So, hello. I'm a year into overpaying on my mortgage and I can report that I've cleared nearly £20,000 off the balance. I don't know about you, but I'm stoked. I really didn't believe that it'd be possible. I imagined that I'd give up because it was unattainable. If anything, my resolve has only intensified.

    I'd like thank this forum for keeping me on track. I'm not a regular contributor but I do check in a few times a week to see how people are getting on. Your progress kind of inspires mine. And since this a pretty dull life pursuit (I mean that with love) at least we can be dull together.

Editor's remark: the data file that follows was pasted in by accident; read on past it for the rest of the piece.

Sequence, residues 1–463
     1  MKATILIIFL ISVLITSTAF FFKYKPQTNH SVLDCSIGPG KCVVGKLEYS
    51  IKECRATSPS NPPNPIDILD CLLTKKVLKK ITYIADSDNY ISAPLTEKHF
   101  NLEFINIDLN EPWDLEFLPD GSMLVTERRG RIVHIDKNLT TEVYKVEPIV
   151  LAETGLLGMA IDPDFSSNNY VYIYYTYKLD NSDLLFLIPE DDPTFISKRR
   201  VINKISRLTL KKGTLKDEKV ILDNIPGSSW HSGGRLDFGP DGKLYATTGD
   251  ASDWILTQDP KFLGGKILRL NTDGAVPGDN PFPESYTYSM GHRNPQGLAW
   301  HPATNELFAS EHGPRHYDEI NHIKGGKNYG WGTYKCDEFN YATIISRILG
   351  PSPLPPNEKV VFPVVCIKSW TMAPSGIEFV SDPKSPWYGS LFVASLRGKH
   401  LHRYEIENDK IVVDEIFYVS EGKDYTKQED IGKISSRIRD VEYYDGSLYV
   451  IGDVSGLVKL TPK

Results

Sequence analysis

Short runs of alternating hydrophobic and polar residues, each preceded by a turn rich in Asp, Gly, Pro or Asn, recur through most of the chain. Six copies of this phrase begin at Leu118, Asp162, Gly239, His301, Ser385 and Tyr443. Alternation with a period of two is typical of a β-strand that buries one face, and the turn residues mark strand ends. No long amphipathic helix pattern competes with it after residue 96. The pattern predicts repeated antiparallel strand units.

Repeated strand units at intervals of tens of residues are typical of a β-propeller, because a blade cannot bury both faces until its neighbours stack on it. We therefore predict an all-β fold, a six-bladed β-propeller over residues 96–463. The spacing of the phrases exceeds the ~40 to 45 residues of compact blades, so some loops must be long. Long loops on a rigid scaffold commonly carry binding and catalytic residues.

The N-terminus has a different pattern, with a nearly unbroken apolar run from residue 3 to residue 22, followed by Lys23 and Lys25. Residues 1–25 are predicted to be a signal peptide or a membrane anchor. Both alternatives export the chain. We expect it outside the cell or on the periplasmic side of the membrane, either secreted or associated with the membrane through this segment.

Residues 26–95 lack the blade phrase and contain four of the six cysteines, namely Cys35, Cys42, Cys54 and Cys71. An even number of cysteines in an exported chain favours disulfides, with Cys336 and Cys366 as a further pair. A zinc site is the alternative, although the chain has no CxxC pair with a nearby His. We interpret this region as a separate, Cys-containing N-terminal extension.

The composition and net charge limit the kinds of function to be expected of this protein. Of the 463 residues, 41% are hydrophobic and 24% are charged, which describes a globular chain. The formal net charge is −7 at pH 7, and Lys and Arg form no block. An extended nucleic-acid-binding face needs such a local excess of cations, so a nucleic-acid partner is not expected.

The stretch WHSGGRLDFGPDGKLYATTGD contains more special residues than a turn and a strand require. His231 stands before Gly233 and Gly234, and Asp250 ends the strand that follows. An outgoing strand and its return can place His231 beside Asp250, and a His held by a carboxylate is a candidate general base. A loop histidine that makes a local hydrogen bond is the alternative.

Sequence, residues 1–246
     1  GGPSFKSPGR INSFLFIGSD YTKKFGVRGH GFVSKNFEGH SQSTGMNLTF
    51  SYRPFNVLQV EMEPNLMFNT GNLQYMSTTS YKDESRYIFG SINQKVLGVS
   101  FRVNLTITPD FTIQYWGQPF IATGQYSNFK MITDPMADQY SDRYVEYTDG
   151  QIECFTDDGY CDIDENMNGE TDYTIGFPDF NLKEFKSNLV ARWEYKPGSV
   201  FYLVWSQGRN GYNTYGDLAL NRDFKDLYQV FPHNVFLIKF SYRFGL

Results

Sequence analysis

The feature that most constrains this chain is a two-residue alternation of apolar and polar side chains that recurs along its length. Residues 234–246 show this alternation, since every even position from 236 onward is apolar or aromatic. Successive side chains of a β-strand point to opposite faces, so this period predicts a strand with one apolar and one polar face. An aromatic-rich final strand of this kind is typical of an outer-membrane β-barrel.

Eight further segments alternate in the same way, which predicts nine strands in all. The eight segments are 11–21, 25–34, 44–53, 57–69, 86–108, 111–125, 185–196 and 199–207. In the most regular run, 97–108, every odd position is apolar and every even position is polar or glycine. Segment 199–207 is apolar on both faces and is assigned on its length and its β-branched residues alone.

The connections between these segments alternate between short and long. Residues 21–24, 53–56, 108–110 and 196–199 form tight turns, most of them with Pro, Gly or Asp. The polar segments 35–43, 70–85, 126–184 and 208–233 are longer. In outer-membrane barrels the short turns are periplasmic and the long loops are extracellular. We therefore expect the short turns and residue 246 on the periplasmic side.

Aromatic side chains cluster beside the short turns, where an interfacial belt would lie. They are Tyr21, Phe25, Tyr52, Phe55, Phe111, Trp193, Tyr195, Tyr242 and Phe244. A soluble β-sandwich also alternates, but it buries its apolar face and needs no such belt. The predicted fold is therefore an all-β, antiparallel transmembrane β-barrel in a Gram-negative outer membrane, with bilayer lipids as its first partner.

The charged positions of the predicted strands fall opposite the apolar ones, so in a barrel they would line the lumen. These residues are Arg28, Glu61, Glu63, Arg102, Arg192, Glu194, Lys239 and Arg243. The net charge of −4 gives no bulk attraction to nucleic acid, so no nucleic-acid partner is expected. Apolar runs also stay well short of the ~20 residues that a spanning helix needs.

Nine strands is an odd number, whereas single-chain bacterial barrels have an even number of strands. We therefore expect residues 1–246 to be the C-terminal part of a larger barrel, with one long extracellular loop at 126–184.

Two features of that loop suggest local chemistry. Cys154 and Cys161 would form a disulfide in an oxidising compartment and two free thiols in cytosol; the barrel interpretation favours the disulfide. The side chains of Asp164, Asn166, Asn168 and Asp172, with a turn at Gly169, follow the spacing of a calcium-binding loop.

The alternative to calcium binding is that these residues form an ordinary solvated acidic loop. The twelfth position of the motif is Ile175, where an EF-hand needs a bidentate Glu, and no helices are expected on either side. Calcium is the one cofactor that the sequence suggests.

Power to the Over Payers!
    Neither a borrower or lender be; for loan oft loses both itself and friend.
    • EatingTheElephant
    • By EatingTheElephant 28th Jul 18, 9:46 AM
    • 1,336 Posts
    • 7,270 Thanks
    EatingTheElephant
    Great reduction for your first year, congratulations